Penn Hills boy, 15, faces trial on homicide charge regarding death of Mt. Oliver man
A 15-year-old Penn Hills boy who was charged with homicide in July will stand trial as all his charges were upheld by a Pittsburgh Municipal Court judge.
Myzle Ford appeared before Judge Tom Caulfield on Friday in gray prison garb. He was represented by a public defender, Christopher Patarini, who spoke on Ford’s behalf and entered a not guilty plea.
Patarini was unable to persuade Caulfield that the prosecutor, Assistant District Attorney Jonathan P. Fodi, did not establish criminal intent for the charges against Ford. They include homicide, conspiracy to commit robbery and inflict serious bodily injury, robbery and possession of a gun as a minor.
Fodi said criminal intent is not intended to be established during a preliminary hearing. Instead, that would be decided during a jury trial.
Caulfield ordered that all charges against Ford be held for court.
The charges stem from a robbery July 14 during which Joshua A. Makhanda-Lopez, 30, of Mt. Oliver was shot three times in the head. Makhanda-Lopez’s dead body was found still seat belted in his car, which was parked in a lot for a Sharon Court apartment complex in Penn Hills.
According to police, Ford fled to his mother’s house on Frankstown Road after he and another suspect allegedly were involved in the shooting on Sharon Court. He and some others in the house came out when his mother told him to exit, police said.
Onaje Dickinson, 20, of Pittsburgh, whom police described as Ford’s accomplice, did not come out of the house.
When Penn Hills police Officer Jared Rothert entered the home’s basement, Dickinson reportedly opened fire on him. The incident was captured on body camera video that was released by the Allegheny County District Attorney’s Office last month.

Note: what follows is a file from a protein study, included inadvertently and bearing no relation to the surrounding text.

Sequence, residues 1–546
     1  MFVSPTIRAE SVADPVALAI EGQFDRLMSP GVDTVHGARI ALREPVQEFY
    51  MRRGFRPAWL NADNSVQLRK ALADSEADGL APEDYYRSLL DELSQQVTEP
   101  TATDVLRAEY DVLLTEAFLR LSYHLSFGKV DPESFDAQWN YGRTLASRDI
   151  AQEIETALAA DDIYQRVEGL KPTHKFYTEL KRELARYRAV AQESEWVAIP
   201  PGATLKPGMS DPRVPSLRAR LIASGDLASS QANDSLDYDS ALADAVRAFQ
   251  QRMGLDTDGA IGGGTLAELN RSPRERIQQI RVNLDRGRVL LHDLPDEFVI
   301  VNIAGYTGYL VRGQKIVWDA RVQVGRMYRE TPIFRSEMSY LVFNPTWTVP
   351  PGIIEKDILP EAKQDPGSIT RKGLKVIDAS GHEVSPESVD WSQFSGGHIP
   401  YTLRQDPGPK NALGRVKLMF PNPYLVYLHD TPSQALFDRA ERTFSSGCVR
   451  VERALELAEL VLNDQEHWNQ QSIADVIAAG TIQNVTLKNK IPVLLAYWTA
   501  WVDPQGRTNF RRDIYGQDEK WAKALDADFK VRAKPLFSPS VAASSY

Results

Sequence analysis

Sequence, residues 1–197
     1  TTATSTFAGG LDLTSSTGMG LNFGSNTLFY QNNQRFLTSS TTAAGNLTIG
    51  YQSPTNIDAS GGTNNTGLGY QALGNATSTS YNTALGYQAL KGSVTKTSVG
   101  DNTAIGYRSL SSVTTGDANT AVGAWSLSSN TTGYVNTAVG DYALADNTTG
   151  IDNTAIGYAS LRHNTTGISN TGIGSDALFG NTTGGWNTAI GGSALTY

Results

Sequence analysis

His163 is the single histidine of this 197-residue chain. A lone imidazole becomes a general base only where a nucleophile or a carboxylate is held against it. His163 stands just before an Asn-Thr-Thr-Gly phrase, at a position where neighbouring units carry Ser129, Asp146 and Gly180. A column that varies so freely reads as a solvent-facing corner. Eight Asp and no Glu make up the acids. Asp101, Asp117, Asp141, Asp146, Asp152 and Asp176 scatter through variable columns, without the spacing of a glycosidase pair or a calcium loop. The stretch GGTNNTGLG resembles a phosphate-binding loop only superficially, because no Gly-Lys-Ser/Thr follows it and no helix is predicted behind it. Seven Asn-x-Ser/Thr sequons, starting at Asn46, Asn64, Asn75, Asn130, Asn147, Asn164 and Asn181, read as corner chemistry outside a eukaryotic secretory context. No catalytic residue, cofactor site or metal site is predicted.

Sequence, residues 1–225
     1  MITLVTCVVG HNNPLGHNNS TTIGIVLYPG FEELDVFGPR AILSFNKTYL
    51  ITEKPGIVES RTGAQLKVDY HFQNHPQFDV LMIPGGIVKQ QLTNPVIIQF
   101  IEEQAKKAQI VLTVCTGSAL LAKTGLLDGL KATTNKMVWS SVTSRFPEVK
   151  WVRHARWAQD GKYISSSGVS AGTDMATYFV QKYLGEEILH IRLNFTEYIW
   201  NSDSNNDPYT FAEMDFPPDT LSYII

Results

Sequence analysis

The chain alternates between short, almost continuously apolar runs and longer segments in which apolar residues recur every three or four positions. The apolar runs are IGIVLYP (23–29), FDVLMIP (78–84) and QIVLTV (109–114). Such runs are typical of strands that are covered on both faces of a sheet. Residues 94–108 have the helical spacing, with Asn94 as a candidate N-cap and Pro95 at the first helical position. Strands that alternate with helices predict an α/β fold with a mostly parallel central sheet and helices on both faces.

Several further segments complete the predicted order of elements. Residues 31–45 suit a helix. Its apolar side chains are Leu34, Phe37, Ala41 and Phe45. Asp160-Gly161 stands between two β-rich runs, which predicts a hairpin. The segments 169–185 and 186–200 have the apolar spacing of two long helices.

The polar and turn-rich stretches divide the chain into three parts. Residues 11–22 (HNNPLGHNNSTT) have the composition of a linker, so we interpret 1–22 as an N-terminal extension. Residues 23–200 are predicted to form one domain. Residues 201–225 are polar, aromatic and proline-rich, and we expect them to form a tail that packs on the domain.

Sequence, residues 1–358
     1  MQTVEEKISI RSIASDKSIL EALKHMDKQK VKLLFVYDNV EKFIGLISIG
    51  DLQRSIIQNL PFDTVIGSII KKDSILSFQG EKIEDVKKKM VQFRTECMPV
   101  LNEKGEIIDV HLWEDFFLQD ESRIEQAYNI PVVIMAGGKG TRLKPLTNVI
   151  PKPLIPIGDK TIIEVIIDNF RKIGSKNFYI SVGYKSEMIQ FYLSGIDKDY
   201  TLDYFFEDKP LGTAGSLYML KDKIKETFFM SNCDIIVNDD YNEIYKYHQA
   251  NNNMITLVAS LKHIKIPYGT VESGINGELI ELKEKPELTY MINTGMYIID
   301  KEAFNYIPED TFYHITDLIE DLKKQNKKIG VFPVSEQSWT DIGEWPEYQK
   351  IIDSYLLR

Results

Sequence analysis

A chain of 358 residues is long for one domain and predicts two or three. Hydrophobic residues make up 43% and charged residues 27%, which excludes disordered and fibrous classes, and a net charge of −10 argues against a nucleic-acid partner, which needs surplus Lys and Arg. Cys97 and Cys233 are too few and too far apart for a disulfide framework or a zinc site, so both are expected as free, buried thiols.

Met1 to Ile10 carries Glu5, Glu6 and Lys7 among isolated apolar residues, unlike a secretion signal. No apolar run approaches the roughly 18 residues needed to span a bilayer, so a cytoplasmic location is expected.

Rothert shot and killed Dickinson. Allegheny County District Attorney Stephen A. Zappala Jr. cleared the officer in the death of the 20-year-old, who was wanted on a warrant in connection with a July 5 robbery.
At Ford’s preliminary hearing, Fodi played a video clip of Allegheny County Police detectives’ interview with Ford and his mother.
During the interview, Ford tells a detective Dickinson used his phone to message Makhanda-Lopez, who was to sell him marijuana. He said he didn’t know Makhanda-Lopez.
“And then (Dickinson) told me I’m going to have to come or he’s going to kill me. And I said, bro, I’m not going, bro,” Ford said in the video.
Ford said he went with Dickinson across the street, and that’s when Dickinson “pulled out the gun and shot him.” At that point, Ford said, he ran back to his mother’s house, which was across the street.
Police recovered two guns after investigating the shootings — a silver, .38-caliber revolver and a black, 9mm handgun. Bullet casings from a 9mm handgun were recovered where Makhanda-Lopez was found.
A detective asked Ford during the taped interview which gun he had. Ford said he was unsure but thought he had the black 9mm and that Dickinson had the silver revolver.
“But I know for a fact I didn’t shoot him,” Ford told detectives.
He then said he ran back to his mother’s house because he was scared. When Dickinson followed, Ford said someone let him into the basement. Ford said he then gave the gun back to Dickinson.
Ford is being held at Allegheny County Jail in Pittsburgh without bail. He is scheduled for a formal arraignment Oct. 8 in Allegheny County Court.
Dillon Carr is a Tribune-Review staff writer. You can contact Dillon at 412-871-2325, [email protected] or via Twitter .